Note: The service discussed in the article below should not be confused with the TLDR paper summarization service provided by the wonderful Semantic Scholar database. From The Verge: Academic writing often has a reputation for being hard to follow, but what if you could use machine learning to summarize arguments in scientific papers so that […]
Gary Price, Jan 18, 2022
From a Blog Post by Archivist of the United States, David Ferriero: In keeping with the recommendations from my Task Force on Racism, NARA chartered the Reparative Description and Digitization Working Group in July of 2021. Since then, the Working Group has been reviewing guidance, standards, and processes relating to reparative archival description as well […]
Gary Price, Jan 18, 2022
UPDATE: Analysis and Comment on the News Below by Lisa Janicke Hinchliffe (via The Scholarly Kitchen) From an Elsevier Post by Rose L’Huillier: ScienceDirect is the home of Elsevier’s journals, books, and titles from our society partners. Over 15 million researchers worldwide use the platform to stay on top of research in their field, find […]
Lisa Peet, Feb 09, 2021
When the long-awaited COVID-19 vaccines began to roll out in mid-December 2020, their distribution was immediately complicated by a shortage of doses and widespread uncertainty about who would be given priority. The Centers for Disease Control and Prevention (CDC) issued suggested guidelines for phased allocation. When it was not yet clear who would be next, many library workers, leaders, and associations began advocating for public facing library workers to be vaccinated as soon as feasible.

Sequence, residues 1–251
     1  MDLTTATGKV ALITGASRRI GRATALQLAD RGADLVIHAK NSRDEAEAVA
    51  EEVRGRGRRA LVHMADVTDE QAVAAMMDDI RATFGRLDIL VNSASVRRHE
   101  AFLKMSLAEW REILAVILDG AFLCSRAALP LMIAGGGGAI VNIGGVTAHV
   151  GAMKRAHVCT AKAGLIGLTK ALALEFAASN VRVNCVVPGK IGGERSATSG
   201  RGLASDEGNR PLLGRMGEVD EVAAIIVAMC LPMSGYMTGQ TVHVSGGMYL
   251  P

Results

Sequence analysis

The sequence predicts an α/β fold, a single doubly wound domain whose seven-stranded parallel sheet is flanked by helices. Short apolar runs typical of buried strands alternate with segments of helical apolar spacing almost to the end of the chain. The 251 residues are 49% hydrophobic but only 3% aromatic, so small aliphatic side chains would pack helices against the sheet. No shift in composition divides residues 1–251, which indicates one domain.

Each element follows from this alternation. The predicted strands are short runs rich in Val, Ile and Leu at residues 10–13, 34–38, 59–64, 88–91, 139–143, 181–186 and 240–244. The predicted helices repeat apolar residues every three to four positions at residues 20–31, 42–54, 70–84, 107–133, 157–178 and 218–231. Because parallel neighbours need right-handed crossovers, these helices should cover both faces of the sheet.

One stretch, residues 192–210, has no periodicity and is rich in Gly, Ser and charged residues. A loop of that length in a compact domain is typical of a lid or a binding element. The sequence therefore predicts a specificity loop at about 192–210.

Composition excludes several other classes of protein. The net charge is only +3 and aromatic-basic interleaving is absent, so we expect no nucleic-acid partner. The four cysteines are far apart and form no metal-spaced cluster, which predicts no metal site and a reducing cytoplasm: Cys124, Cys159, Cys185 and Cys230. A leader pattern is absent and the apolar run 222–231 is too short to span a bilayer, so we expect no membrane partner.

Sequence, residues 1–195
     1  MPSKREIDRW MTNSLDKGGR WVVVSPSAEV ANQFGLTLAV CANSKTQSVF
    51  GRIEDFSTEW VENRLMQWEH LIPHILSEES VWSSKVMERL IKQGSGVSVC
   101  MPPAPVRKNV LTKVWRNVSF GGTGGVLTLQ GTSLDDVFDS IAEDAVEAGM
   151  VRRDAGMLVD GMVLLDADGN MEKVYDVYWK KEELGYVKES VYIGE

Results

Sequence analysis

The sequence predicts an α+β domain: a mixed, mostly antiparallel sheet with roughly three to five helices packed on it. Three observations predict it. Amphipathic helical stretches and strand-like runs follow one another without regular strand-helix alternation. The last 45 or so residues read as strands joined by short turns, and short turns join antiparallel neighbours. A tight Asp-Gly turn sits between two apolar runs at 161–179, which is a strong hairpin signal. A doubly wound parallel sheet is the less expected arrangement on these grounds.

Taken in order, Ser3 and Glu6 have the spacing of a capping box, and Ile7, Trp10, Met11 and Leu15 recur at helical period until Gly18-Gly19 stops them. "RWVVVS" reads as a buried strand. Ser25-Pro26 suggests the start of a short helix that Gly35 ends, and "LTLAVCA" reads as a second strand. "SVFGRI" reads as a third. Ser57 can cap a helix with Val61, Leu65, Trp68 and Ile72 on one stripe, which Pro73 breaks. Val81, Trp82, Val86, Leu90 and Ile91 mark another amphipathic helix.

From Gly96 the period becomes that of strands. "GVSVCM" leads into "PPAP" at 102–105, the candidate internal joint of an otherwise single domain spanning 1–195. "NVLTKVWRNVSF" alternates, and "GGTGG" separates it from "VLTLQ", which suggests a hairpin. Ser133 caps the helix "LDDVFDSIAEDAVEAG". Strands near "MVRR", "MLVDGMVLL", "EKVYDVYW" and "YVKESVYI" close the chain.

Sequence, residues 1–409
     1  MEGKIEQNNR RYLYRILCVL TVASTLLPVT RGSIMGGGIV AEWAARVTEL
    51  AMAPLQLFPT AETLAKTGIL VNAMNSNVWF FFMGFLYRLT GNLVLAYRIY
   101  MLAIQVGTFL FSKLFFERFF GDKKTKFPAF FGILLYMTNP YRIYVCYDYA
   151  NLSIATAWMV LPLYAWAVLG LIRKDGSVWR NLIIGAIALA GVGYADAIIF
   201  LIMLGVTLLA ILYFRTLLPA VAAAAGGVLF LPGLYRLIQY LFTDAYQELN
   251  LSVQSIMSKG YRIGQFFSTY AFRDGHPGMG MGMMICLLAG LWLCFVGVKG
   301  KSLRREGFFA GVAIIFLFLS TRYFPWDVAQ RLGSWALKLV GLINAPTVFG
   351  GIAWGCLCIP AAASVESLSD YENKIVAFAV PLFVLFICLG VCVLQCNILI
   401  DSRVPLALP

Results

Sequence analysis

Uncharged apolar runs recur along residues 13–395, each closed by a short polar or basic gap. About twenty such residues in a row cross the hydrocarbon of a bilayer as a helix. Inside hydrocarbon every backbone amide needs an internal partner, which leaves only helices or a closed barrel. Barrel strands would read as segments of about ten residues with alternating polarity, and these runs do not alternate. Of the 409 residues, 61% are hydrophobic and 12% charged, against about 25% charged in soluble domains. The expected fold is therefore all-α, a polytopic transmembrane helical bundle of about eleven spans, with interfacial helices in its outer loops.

Erica Freudenberger, Feb 02, 2021
In the messy middle of the pandemic, library leaders share how things have changed since March 2020, their takeways, and continuing challenges.

Mahnaz Dar, Nov 10, 2020
Whether librarians are providing services in-person or virtually, reference has changed with the pandemic.

LJ Reviews, Oct 14, 2020
Since the onset of the COVID-19 pandemic, the number of books on the subject has been increasing exponentially. This introductory list, which will be updated regularly, is meant to help collection development librarians get started on determining which books work best for their collections.

Kate Merlene,  Jan 18, 2022
One Step Too Far by Lisa Gardner leads holds this week. Two LibraryReads and five Indie Next selections publish this week. The February LibraryReads list is out including top pick, The Paris Apartment by Lucy Foley. People's book of the week is Joan Is Okay by Weike Wang. The Great First-Half 2022 Book Preview from The Millions is out now. Memoirs by Brian Cox, Valerie Bertinelli, Larry Miller, and Jamie Lynn Spears are buzzing. Interviews arrive with Valerie Bertinelli, David Sanchez, Brian Cox, Larry Miller, and T.S. Elliot award winner Joelle Taylor. Marvel’s Moon Knight gets a trailer. Plus, Julia Cameron's The Artist's Way turns 30. 

Becky Spratford,  Jan 18, 2022
Alma Katsu is an internationally award-winning novelist. The Hunger is one of NPR’s 100 favorite horror stories, and The Deep was nominated for the Stoker and Locus awards for best horror novel. Red Widow draws on her career as an intelligence officer, and her latest novel, The Fervor, is a horror novel set in a Japanese internment camp. LJ caught up with her to talk about writing, the power of horror fiction, and authors who inspire.

Brad Rouse,  Jan 18, 2022
Technological and social changes have revolutionized librarianship, particularly following the COVID-19 pandemic. Across the country, librarians have become local community leaders on issues like diversity, equity, and the fight against disinformation. 

The University Library is an essential partner in teaching and learning, research, and community engagement at CSUSM. Using statistical gathering, various means of assessment, and in-depth studies, the University Library gains insight into its patrons’ needs and evaluates its success in supporting those needs.

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Feb 15 to Mar 01, 2022

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Mar 08 to Mar 22, 2022